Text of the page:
Did the Duke of Windsor leave a treasure behind in the small village where he met up with Mrs. Simpson? Is there an Abdication treasure? Rumors flow like water but those in power are adamant - there is no treasure and Albert Campion must not find it. Campion insists his only purpose in going to Heronhoe is to aid in the making of a documentary starring his son and daughter-in-law. Searching for a nonexistent treasure is far from his thoughts, but that doesn't mean that Campion doesn't...
General Fiction (Adult) , Mystery & Thrillers
Pub Date 01 Jul 2017
Death Scene’s biggest flaw is that it lacks the feel of the 1920’s. While technically correct, it doesn't capture the romance and mystery of the silent film industry as I had hoped. Instead, Death Scene is pretty much a standard police procedural that could be set anytime pre-1970. It isn’t a bad mystery but from the description and the cover I expected more film industry involvement. As a police procedural, it is solidly written with a strong focus on character - particularly that of the lead, DCI Henry Johnstone. Much of the novel is devoted to his memories of his and his sister’s difficult youth with their uncaring father and his memories of WWI. His DS is supportive, having been in the war alongside Johnstone and being the one individual other than his sister who knows his background. Jane Adams puts a lot of effort into character development, e...
You can count on Stella Cameron for a British village mystery that isn’t formulaic. Her mysteries are well composed and immensely satisfying. They are cozies, but they are not designed for humor. If you like Midsommer Murders or Rosemary & Thyme, you will definitely enjoy Cameron’s novels. The residents of Folly-on-Weir feel real, as opposed to being stereotypes. Also, her novels are never straightforward murder mysteries. There are murders of course, but they are simply part of the larger scenario.
Lies that Bind begins with the discovery of a woman’s body in a neighboring village. Alex is drawn into the fray because the young man who discovered the body is the brother of one of her employees. The boys have been staying alone while their father, a lorry driver, is off working. The boys are afraid for the police to discover...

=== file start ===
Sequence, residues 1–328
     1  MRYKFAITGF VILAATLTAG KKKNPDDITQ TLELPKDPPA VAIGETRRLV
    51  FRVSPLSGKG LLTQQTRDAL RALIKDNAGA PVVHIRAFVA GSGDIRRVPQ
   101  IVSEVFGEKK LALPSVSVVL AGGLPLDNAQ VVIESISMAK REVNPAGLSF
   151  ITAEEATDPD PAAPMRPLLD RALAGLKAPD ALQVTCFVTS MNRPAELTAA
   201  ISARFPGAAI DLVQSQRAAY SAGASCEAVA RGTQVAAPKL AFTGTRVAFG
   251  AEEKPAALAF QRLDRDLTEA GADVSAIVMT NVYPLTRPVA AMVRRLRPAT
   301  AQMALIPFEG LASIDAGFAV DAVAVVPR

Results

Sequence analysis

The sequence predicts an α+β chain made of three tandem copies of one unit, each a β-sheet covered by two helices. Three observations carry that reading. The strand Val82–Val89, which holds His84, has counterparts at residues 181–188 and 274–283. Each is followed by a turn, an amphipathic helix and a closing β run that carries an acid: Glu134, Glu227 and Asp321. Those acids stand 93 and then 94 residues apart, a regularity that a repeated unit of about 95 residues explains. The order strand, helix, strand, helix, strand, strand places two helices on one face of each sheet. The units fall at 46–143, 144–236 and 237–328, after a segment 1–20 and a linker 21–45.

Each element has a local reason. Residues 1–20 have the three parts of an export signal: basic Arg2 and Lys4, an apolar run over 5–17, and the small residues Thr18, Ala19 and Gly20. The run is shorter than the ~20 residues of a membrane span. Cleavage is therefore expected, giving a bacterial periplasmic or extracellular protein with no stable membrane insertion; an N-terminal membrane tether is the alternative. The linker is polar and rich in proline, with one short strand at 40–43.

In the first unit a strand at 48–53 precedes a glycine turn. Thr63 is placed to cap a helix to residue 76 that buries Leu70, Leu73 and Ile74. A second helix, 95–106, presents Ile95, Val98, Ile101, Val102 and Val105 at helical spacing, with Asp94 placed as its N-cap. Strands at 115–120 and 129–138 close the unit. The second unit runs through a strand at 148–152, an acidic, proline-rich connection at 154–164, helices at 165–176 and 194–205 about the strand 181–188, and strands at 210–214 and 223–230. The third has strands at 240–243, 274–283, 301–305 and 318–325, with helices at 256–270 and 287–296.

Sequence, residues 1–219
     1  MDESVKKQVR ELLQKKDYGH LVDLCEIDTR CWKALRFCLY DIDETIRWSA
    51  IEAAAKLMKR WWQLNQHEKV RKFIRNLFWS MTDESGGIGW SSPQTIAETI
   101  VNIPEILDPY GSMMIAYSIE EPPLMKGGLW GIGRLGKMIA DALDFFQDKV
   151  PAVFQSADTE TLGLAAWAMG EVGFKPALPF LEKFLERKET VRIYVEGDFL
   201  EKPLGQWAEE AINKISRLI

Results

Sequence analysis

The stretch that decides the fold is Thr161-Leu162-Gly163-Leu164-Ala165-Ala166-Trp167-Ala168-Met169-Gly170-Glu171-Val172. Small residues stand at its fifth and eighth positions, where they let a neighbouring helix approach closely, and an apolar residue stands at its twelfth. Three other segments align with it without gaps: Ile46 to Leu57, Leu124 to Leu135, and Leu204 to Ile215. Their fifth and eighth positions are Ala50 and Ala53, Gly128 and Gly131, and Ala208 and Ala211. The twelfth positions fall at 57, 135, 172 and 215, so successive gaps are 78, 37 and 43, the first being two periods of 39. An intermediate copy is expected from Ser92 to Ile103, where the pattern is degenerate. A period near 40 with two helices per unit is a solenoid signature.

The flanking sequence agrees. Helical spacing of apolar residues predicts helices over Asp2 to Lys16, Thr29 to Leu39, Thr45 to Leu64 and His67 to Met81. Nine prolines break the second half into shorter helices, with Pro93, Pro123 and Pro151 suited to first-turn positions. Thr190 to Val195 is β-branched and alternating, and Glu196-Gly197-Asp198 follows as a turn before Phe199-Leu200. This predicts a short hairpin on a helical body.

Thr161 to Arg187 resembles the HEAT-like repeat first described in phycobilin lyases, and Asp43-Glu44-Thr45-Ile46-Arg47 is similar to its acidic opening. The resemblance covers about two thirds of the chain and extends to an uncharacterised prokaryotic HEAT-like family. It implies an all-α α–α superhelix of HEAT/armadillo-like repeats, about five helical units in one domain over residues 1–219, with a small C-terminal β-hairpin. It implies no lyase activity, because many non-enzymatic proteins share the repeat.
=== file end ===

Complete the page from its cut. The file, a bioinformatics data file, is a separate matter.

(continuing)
The Food We Love from 100 of Our Best Chefs, Cooks, Bakers and Local Heroes
by William Sitwell (Editor)
Cooking, Food & Wine
Pub Date 21 March 2017
The Really Quite Good British Cookbook is filled with complex and exotic dishes inspired by the variety of vegetables, fruits, herbs and seafood available in the British Isles. While there are a number of simpler dishes including keftides (meatballs), beef ragu, and toad in the hole, far more common are dishes you would likely see in a Michelin starred restaurant. The list of contributors reads like a who’s who of the British culinary world.
I loved the pictures, but many of the recipes were out of my reach, partly because of difficulty obtaining certain ingredients but mainly because of the complexity. I did like the grilled banana bread and the butternut squash chia pudding. The Really Quite Good British Cookbook is lovely to look at, but I think that the majority of the included reci...
When it comes to couples in abusive relationships, people often ask how they got involved and why did they stay. The answers are never straightforward, as can be clearly seen in Other Countries.
The newest Gabriel Ash mystery is not a traditional murder case. Instead, it focuses on his friend, DC Hazel Best’s whirlwind romance with a celebrity historian. Hazel saves Oliver Ford when a young Arab attempts to firebomb him at a museum opening. The assumption is that it was a political attack. The reality is much more sinister in nature. As Oliver romances Hazel, taking her from country to country, Gabriel becomes suspicious, particularly when the young Arab opens up and suggests that Hazel is in danger. In order to protect his friend, Gabriel starts calling in old favors, but little does he realize how much damage Oliver Ford can do...